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Papua, Indonesia

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These pages written by Michael Cookson for www.papuaweb.org.
(Last update - 4 August, 2009)

(Trouble with broken links or HTTP 404 Error: Page not found?)

An annotated guide to 16 Papua related websites or webpages with the general themes of:

RELIGION AND RELIGIOUS GROUPS IN PAPUA

Religious organisations in Papua are almost entirely represented by their national counterparts or by their international affiliations and sponsors. The largest Protestant demonination in Papua, the Evangelical Christian Church in the Land of Papua (Gereja Kristen Injil di Tanah Papua, or GKITP) has been an independent congregation with its own Synod since 1956 (see van de Wal 2006), but does not yet have its own website (see a report from 2006 on GKI Tanah Papua by Rev. John Barr at http://www.uim.uca.org.au/uim/partner_churches/partnership_reports/report_gki_papua). It should not be confused with the Christian Church of Indonesia based in Java (see http://www.gki.or.id).*

The Catholic Church in Indonesia (http://www.gerejakatolik.net) has a very different structure with five dioceses across the provinces of Papua and West Papua (see the map above, adapted from van Leeuwen 1994:28). All of the Diocese in these provinces are under the Arch-Diocese of Merauke (see http://www.catholic-hierarchy.org/diocese/dmera.html) and unified through a national conference of Bishops (see http://www.kawali.org/viewPage.php?aid=4). The Catholic church in Papua plays a key role in promoting human rights and peace through its Offices of Justice and Peace (Sekretariat Keadilan dan Perdamaian, SKP). The SKP office of the Diocese of Jayapura maintains the excellent HAMPapua clearing house (see http://www.hampapua.org).

Kingmi, the third largest Church in Papua, was established by the Christian and Mission Alliance (CAMA, see http://www.cmalliance.org/im/imworld/field.jsp?m=300140). Reflecting popular discontent by its Papuan congregation with its subordination to its national counterpart (the Evangelical Tabernacle Church of Indonesia), many Kingmi church officials in Papua engaged in an acrimonious dispute with Jakarta a few years ago. This resulted in Kingmi becoming an independent Papua-based church (with no web presence). Significant smaller Christian denominations in Papua, such as the Baptist Church (see http://suarabaptis.blogspot.com), have strong support in Australia (see http://www.globalinteraction.org.au/content/documents/vis1106.pdf) while the raft of other evangelical and pentacostal churches across Papua have a nominal web-presence (e.g. http://www.geocities.com/akeharvest).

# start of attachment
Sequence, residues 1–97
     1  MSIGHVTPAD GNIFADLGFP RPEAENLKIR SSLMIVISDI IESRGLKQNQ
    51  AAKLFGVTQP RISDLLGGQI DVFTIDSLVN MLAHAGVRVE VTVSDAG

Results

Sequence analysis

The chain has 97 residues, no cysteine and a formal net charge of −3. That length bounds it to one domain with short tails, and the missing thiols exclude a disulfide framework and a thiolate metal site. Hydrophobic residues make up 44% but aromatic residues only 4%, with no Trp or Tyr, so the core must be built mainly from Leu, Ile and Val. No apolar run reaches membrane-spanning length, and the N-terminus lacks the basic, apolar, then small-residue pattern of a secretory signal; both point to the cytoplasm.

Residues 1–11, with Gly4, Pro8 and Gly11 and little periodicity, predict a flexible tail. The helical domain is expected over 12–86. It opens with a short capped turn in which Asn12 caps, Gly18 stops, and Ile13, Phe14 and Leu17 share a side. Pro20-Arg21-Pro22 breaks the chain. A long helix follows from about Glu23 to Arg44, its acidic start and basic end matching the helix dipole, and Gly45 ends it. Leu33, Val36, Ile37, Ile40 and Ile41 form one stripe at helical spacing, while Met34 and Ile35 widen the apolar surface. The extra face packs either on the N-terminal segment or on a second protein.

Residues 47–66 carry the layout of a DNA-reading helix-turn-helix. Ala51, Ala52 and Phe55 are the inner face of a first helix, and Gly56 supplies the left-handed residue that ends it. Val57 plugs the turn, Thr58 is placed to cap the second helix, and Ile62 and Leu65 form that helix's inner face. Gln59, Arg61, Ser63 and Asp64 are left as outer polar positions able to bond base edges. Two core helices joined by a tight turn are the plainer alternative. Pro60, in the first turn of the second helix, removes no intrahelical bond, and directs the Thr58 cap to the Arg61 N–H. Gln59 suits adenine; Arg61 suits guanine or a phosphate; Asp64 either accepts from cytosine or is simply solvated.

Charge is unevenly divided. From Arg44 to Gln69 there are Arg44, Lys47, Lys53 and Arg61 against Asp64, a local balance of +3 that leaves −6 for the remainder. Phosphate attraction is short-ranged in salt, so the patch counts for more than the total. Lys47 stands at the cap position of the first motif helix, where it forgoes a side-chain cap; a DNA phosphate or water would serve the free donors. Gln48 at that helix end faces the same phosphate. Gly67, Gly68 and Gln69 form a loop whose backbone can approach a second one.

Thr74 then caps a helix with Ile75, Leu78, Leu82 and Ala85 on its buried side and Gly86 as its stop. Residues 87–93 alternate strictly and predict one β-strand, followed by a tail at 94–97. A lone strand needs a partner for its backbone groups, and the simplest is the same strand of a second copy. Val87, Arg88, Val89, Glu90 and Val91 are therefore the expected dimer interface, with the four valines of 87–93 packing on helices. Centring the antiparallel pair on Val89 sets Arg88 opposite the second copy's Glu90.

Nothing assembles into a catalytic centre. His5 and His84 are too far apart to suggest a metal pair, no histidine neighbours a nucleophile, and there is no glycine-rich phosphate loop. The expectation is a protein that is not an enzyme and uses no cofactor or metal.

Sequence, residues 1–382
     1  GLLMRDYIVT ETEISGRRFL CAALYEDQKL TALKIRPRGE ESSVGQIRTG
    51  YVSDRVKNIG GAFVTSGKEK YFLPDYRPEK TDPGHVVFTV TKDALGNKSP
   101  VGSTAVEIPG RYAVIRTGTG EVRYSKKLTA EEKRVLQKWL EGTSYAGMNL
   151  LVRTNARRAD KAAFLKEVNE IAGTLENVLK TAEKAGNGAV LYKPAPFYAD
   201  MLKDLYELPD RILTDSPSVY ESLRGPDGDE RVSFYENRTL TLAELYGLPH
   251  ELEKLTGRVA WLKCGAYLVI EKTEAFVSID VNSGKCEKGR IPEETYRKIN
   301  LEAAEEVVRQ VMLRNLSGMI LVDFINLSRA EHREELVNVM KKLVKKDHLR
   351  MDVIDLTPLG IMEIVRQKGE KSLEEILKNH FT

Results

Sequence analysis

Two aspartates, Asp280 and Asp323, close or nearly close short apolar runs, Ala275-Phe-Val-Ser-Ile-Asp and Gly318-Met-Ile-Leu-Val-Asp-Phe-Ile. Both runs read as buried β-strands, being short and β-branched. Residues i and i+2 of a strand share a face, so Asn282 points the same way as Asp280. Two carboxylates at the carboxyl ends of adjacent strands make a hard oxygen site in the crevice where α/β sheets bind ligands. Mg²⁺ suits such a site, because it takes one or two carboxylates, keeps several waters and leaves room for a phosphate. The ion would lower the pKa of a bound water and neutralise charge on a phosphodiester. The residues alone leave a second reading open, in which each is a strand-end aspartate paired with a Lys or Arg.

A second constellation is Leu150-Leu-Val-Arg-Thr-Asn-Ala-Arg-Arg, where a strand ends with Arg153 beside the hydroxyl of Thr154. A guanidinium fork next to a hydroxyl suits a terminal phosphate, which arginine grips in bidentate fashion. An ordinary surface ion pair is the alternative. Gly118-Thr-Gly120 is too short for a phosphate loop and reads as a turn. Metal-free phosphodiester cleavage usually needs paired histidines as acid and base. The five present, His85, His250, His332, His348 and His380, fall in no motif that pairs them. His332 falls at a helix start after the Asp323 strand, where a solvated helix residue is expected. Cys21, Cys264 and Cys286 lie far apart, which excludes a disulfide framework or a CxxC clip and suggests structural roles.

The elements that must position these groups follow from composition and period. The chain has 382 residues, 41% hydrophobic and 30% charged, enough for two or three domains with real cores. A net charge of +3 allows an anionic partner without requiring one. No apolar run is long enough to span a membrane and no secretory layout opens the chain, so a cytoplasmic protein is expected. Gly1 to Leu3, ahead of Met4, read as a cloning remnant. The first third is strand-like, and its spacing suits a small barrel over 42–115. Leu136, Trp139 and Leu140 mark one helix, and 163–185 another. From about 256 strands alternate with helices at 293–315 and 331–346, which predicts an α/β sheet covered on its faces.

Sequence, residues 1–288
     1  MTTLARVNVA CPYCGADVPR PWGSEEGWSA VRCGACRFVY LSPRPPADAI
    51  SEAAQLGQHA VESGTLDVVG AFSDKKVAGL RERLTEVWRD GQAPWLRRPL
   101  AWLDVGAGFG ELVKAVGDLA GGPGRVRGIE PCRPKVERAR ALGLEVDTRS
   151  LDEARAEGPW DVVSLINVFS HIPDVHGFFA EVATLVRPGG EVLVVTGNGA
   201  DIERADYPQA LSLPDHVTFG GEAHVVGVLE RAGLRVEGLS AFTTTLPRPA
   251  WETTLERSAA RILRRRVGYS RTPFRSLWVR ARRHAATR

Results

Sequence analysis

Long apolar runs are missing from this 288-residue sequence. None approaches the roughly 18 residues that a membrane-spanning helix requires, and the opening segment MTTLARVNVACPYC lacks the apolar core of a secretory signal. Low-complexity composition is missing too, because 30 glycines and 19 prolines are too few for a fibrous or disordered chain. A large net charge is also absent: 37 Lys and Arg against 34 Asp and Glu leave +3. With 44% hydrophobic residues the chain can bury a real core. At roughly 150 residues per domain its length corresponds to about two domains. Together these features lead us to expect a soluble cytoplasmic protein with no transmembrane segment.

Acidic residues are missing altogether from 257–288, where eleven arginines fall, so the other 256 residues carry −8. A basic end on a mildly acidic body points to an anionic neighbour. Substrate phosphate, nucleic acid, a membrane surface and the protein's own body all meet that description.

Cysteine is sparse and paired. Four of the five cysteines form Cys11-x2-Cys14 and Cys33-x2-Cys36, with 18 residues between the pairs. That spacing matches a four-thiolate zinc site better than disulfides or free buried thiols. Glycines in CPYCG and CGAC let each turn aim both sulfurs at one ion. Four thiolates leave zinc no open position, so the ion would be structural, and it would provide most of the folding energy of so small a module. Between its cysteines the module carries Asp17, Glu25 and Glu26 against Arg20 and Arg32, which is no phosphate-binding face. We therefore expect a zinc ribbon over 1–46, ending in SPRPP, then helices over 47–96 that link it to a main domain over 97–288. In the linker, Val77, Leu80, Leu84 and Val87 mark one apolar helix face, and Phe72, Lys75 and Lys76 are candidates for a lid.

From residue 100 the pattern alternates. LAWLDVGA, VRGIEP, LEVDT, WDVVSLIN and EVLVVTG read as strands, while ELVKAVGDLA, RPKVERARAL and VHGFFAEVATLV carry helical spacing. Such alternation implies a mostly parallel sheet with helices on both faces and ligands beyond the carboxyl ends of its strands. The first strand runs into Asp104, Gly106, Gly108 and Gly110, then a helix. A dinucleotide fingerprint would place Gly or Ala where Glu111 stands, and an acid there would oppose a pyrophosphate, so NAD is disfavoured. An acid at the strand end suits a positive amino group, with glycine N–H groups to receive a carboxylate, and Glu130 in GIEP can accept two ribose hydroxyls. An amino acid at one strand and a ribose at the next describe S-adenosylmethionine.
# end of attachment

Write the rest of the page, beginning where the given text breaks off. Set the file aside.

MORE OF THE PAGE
Some missionaries working in Papua maintain their own websites, such as Heidi and Rainer Scheunemann (see http://www.scheunemann-papua.de.tl/Home.htm) and the Williams family (http://williamsinpapua.org) while others are maintained by their sponsor church (read about the Johnson family at http://www.meadowview.org/papua.html). Various autobiographies and related accounts of missionary work in Papua have been written over the past century, (see a partial list of more recent English language publications at http://www.amazon.com/Missionaries-West-Papua-Irian-Jaya/lm/V5NLYCKVFBK6), including several best-sellers by Sabine Kuegler, the daughter of a German missionary who grew up among the Fayu of the remote Mamberamo region of Papua (see Papuaweb's new books list).

See the Nahdlatul Ulama (NU) website for information on the first Papuan Muslim Congress in 2007 (http://www.nu.or.id/page.php?lang=en&menu=news_view&news_id=440).

(A list of international organisations associated with Papuan religious groups is not yet available.)

Notes:
* I am grateful to Pdt. Dr. At Ipenburg for this clarification.


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